• The EnshittifAIcation of Online Recipes: I think we can all agree that the process of absolutely destroying the overall quality of information available to us as a species thanks to AI-generated dreck is proceeding slightly-faster than we might have expected – from the AI-addled academic papers to Shrimp Jesus, this stuff is increasingly everywhere and it’s only going to get…I don’t want to say ‘worse’, because that sounds doomy and hyperbolic, but also ‘better’ really doesn’t feel appropriate. Anyway, this piece looks at the specific damage that could be done to the repository of online recipes when they get replaced by plausible-sounding AI-generated recipes which are broadly speaking not going to kill you but which, equally, have been generated by spicy autocomplete with no concept of ‘flavour’ or ‘texture’. It might, honestly, be worth someone making a backup copy of the whole internet as of right now and just running it as a closed parallel; I feel it could prove useful in the long-term (like the internet archive, but not powered by crippled slugs).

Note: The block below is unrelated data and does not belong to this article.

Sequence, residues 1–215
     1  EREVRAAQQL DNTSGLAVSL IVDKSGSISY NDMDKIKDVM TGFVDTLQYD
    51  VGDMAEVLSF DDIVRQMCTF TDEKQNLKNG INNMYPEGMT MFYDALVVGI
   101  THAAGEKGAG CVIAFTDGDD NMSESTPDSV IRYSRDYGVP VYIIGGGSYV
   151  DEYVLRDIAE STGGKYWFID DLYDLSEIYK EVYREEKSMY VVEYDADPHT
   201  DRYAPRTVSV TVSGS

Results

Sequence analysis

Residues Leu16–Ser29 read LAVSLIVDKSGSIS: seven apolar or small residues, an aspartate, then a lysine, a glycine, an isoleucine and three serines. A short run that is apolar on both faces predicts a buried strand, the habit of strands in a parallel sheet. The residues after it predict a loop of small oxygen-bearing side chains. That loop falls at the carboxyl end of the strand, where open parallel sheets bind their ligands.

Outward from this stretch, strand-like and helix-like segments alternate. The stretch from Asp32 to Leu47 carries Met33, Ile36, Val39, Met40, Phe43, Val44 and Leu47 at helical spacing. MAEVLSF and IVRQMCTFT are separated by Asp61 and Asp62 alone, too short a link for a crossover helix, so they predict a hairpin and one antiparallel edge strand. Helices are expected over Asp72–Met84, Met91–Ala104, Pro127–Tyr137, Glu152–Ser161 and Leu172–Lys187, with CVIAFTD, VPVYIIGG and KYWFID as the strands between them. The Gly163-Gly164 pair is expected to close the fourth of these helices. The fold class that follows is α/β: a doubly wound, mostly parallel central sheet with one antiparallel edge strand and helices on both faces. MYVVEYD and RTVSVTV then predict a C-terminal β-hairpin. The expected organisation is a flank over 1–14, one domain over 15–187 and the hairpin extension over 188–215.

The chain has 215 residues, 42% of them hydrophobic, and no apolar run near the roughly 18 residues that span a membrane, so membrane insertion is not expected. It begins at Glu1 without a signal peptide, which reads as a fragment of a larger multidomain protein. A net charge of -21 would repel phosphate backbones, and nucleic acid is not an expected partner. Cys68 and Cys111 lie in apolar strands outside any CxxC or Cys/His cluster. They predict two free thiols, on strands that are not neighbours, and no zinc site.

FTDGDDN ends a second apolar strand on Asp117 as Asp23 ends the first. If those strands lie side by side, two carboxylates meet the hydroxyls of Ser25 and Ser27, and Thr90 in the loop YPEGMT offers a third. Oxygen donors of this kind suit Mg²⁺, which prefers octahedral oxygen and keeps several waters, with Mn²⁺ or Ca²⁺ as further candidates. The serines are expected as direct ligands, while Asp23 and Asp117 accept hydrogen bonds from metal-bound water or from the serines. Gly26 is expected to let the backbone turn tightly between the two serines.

• The Internet Has Always Been This Bad: An excellent bit of reporting by Caitlin at ‘Links I Would Gchat You’, who delves into a recently-published study which suggests that, contrary to what you, me and everyone else thinks, there hasn’t in fact been a statistically-significant shift in online behaviours and attitudes, or a terminal rotting of the quality of our online conversations – turns out, this is just what ‘being online and talking to people on the web’ does to us! You may or may not find this reassuring – the crux of the study, though, shows that “Those patterns proved surprisingly consistent across time and platforms: Overall, the study found that the prevalence of both toxic speech and highly toxic users were extremely low. But the longer any conversation goes on, on virtually any platform, the more toxic it becomes. At the same time, conversations tend to involve fewer, more active participants as they stretch on.” Which, I suppose, makes sense – the longer a thread continues, the more participants are winnowed down by exhaustion or simply having better things to do, until the only people left are the mad, the terminally argumentative and the total pr1cks – even if I don’t think it captures the particularly modern phenomenon of ‘people getting unreasonably upset about someone’s personal lived experience not mapping exactly onto their own’.